Theories about ambivalence, as well as quantitative and qualitative empirical
approaches, are applied to obtain an understanding of recycling among young
adults. A questionnaire was mailed to 422 Swedish young people. Regression
analyses showed that a mix of negative emotions (worry) and positive emotions
(hope and joy) about the environmental problems was positively related to
recycling. The opposite pattern was found for attitudinal ambivalence toward
recycling. Thereafter, semistructured interviews were performed. In a group of
reluctant recyclers, the ambivalent attitudes consisted of views that recycling is
something beneficial for the environment and is a civic duty. On the other hand,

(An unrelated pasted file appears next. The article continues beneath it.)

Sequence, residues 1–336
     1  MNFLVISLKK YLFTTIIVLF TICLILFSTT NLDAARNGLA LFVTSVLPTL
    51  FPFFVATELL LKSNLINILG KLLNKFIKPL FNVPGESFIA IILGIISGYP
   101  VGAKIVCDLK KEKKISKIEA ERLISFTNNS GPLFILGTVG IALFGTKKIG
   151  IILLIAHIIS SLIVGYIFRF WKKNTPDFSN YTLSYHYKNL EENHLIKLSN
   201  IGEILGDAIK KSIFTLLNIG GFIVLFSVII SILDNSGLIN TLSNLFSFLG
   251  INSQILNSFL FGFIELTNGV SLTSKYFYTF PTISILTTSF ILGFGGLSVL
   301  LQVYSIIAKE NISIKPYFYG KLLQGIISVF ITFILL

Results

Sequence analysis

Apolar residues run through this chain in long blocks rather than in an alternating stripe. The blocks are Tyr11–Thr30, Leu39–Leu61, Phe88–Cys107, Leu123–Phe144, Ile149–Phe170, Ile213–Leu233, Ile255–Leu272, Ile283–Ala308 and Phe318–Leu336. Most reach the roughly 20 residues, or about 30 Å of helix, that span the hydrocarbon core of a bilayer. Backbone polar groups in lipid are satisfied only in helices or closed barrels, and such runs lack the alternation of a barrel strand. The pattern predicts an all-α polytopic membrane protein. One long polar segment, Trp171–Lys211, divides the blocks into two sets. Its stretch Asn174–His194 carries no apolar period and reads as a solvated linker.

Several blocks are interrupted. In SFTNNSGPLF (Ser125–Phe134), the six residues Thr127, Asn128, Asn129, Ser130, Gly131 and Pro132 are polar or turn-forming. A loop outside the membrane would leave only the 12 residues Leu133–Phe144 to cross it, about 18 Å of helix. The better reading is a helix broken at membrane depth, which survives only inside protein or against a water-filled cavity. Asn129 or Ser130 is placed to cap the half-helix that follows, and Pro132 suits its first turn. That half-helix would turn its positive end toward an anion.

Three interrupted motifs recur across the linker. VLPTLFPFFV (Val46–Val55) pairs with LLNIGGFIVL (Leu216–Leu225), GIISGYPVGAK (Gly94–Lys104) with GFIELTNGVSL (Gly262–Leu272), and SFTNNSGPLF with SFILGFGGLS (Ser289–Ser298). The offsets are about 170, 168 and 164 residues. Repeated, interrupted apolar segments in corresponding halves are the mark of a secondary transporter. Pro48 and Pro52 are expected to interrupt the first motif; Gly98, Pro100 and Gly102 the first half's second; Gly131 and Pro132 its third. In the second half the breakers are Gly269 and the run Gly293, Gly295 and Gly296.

they wanted more information, were unable to integrate youthful ideals about
living in an environmentally friendly way with the everyday life of young
adulthood, and felt low self-efficacy. In addition, strategies to activate positive
emotions alongside a high degree of environmental worry were explored in a
group who recycle regularly.
2008. Vol. 40, no 6, 777-797 p.
recycling behavior, attitudinal ambivalence, environmental problems, mixed emotions, worry, hope, emerging adulthood